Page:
(a) Let 2, -2
R in domain, then f(2) = f(-2) = 2

Here, f(2) = f(-2) = 2 but -2 and 2 are not equal. It means the elements 2 and -2 have the same image 2. Therefore, f is not one-one.
(b) We have -2, -3
R in codomain, which are not an image of any element x R in domain. Therefore, f is not onto.

Hence, the modulus function is neither one-one nor onto.

### Maths Class 12 Ex 1.2 Question 5.

Show that the Signum Function f : R → R, given by
f(x) = 1, if x > 0
f(x) = 0, if x = 0
f(x) = –1, if x < 0
is neither one-one nor onto.

Solution:
The function f : R R given by
f(x) = 1, if x > 0
f(x) = 0, if x = 0
f(x) = -1, if x < 0
(a) Let 1, 2
R in domain, then f(1) = f(2) = 1
Here, f(1) = f(2) = 1 but 1 ≠ 2
Similarly, for -1, -2
R in domain, f(-1) = f(-2) = –1, but -1 ≠ -2

Therefore, f is not one-one.
(b) Except –1, 0, 1, there is no element y
R in codomain which is an image of an element x R in domain such that f(x) = y.
Therefore, f is not onto.
Hence, f is neither one-one nor onto.

### Maths Class 12 Ex 1.2 Question 6.

Let A = {1, 2, 3}, B = {4, 5, 6, 7} and let f = {(1, 4), (2, 5), (3, 6)} be a function from A to B. Show that f is one-one.

Solution:
We have A = {1, 2, 3}, B = {4, 5, 6, 7} and the function f = {(1, 4), (2, 5), (3, 6)}

From the given function, we can see that 4 is the image of 1, 5 is the image of 2 and 6 is the image of 3. Every element of A has a unique image in B.

Therefore, f is one-one.

### Maths Class 12 Ex 1.2 Question 7.

In each of the following cases, state whether the function is one-one, onto or bijective. Justify your answer.
(i) f : R → R defined by f(x) = 3 – 4x
(ii) f : R → R defined by f(x) = 1 + x²

Solution:
(i) The function f : R R defined by f(x) = 3 – 4x.
Let x1, x2
R in domain, then f(x1) = 3 – 4x1 and f(x2) = 3 – 4x2
(a) If f(x1) = f(x2), then 3 – 4x1 = 3 – 4x2
x1 = x2.

Therefore, f is one-one.
(b) Let f(x) = 3 – 4x = y
Then x = (3 – y)/4
It means for every value of y
R in codomain, there exists an element y R in domain such that f(x) = y. Therefore, f is onto.

Hence, the function f is bijective.

(ii) The function f : R R defined by f(x) = 1 + x²
(a) Let 1, -1
R in domain, then f(1) = 1 + 1 = 2 and f(-1) = 1 + 1 = 2
Here, f(1) = f(-1) = 2, i.e., 1 and -1 have the same image 2. But 1 ≠ -1.
Therefore, f is not one-one.
(b) We have -2, -3
R in codomain, which are not an image of any element x R in domain. Therefore, f is not onto.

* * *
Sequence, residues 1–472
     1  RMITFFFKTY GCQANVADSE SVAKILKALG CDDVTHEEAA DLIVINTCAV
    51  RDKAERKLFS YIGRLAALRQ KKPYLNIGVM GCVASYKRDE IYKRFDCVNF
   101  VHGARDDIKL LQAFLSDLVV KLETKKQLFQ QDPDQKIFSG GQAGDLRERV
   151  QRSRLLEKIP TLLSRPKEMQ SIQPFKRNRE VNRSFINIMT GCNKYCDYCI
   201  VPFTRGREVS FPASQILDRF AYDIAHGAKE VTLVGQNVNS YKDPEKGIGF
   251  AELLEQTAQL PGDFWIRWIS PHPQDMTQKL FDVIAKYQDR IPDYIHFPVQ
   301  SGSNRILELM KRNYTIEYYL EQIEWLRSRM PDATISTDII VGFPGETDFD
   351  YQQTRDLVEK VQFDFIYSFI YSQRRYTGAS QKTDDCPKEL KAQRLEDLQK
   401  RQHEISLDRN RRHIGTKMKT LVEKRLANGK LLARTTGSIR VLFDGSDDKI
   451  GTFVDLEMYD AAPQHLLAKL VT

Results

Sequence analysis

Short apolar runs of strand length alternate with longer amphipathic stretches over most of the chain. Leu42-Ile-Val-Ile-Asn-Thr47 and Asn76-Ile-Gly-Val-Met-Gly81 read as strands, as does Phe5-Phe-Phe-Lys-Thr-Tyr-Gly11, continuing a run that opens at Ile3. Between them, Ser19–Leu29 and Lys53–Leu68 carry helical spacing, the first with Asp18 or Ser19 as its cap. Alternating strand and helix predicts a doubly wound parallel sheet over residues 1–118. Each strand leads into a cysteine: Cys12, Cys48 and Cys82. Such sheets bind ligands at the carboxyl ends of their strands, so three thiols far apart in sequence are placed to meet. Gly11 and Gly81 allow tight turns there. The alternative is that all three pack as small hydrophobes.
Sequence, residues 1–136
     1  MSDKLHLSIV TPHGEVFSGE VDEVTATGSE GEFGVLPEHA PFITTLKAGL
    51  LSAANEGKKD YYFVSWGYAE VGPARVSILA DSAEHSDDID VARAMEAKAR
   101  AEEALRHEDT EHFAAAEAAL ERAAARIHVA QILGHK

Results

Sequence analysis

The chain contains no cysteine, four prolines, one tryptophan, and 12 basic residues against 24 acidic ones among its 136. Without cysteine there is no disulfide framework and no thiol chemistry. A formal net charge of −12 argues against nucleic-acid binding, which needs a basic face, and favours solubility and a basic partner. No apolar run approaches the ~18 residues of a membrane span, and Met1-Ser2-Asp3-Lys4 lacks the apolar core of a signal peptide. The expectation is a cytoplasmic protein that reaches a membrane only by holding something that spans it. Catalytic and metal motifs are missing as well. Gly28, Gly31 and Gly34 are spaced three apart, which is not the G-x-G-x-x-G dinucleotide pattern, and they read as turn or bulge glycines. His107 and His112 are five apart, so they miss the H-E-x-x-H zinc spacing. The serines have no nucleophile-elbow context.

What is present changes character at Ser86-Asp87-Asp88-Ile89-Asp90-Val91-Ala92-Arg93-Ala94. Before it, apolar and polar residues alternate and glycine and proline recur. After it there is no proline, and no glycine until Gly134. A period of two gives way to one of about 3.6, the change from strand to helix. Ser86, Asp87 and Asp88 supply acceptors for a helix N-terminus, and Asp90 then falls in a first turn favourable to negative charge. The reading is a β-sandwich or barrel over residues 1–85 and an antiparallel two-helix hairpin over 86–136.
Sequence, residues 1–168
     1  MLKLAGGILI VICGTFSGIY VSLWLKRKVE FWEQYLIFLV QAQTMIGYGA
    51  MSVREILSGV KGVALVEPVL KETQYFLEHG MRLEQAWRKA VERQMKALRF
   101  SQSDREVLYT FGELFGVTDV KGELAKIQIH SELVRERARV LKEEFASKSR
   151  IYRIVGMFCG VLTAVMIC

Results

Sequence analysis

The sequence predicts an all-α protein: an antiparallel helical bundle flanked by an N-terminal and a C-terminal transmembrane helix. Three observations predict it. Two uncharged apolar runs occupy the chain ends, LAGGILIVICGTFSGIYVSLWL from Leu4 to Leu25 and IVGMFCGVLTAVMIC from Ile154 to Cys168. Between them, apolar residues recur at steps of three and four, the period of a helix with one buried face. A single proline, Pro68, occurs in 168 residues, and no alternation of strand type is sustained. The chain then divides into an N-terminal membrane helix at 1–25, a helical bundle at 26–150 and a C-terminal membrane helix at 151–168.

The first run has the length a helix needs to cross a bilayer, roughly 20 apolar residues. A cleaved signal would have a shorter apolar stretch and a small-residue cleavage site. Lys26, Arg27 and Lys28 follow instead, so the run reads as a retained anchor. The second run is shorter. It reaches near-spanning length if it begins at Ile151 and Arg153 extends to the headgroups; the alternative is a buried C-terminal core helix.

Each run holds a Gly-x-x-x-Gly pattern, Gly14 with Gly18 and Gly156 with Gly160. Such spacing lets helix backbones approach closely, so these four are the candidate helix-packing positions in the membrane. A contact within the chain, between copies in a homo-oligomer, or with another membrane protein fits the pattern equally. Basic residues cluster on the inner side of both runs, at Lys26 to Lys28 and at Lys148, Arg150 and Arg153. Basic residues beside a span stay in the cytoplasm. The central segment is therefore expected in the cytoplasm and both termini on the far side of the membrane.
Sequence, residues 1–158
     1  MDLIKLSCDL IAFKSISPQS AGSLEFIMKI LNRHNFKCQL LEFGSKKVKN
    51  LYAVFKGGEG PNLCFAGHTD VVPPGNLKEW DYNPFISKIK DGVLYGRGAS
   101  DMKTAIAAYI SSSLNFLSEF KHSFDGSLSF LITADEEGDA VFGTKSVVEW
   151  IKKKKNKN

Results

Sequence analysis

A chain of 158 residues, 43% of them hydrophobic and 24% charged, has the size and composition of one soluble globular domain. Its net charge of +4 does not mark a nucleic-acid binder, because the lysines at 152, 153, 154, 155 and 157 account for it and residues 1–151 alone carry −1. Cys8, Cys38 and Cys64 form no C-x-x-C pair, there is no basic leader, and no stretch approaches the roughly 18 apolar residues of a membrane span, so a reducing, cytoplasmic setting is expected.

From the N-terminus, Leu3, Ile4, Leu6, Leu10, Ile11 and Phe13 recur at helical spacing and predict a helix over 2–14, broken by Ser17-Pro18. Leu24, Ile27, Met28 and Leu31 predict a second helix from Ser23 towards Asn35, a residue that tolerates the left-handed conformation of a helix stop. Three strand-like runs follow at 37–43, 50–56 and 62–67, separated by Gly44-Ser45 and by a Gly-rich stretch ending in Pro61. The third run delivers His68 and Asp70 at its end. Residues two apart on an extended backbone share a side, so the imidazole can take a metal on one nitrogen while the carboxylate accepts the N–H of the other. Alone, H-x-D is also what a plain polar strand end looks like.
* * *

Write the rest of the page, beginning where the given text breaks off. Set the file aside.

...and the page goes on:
Hence, the function f is not bijective.

### Maths Class 12 Ex 1.2 Question 8.

Let A and B be sets. Show that f : A × B → B × A such that f(a, b) = (b, a) is bijective function.

Solution:
We have the function f : (A × B) B × A such that f(a, b) = (b, a)
(a) Since f(a1, b1) = (b1, a1) and f(a2, b2) = (b2, a2)

If f(a1, b1) = f(a2, b2)
(b1, a1) = (b2, a2)
b1 = b2 and a1 = a2

Therefore, f is one-one.
(b) For every element (q, p)
B × A in codomain, there exists an element (p, q) A × B in domain such that f(p, q) = (q, p). Therefore, f is onto.

Thus, f is a bijective function.

### Maths Class 12 Ex 1.2 Question 9.

Let f : N → N be defined by
for all n N.

Solution:
The function f : N N, defined by

The elements 1, 2
N in domain of f have the same image 1 in its codomain

Therefore, f is not one-one.
(b) Every element in codomain N is an image of an element in domain N. For example, 1 in codomain is the image of 1 and 2 in domain.

Therefore, f is onto.

Hence, f is not bijective.

### Maths Class 12 Ex 1.2 Question 10.

Let A = R – {3} and B = R – {1}. Consider the function f : A → B defined by f(x) = (x - 2)/(x - 3)

Solution:

The function f : A B where A = R – {3}, B = R – {1} is defined by

### Maths Class 12 Ex 1.2 Question 11.

Let f : R → R be defined as f(x) = x4. Choose the correct answer.
(A) f is one-one onto
(B) f is many-one onto
(C) f is one-one but not onto
(D) f is neither one-one nor onto

Solution:
(D) For 1, -1
R in domain, f(1) = (1)4 = 1 and f(-1) = (-1)4 = 1
We have f(1) = f(-1) = 1 but 1 ≠ -1. It means for 1 and -1, we have the same image 1.

Therefore, f is not one-one.
For -2
R in the codomain of f, there is no element in domain whose image is -2.
Therefore, f is not onto. Thus, f is neither one-one nor onto.

Hence, option (D) is correct.

### Maths Class 12 Ex 1.2 Question 12.

Let f : R → R be defined as f(x) = 3x. Choose the correct answer.
(A) f is one-one onto
(B) f is many-one onto
(C) f is one-one but not onto
(D) f is neither one-one nor onto

Solution:
(A) The function f : R R is defined by f(x) = 3x
(a) Let x1, x2
R in domain, then f(x1) = 3x1 and f(x2) = 3x2
If f(x1) = f(x2)
3x1 = 3x2
x1 = x2
Therefore, f is one-one.
(b) For every element y
R in codomain, there exists an element x R in domain such that y = 3x or x = y/3.

Therefore, f is onto. Thus, f is one-one and onto.

Hence, option (A) is correct.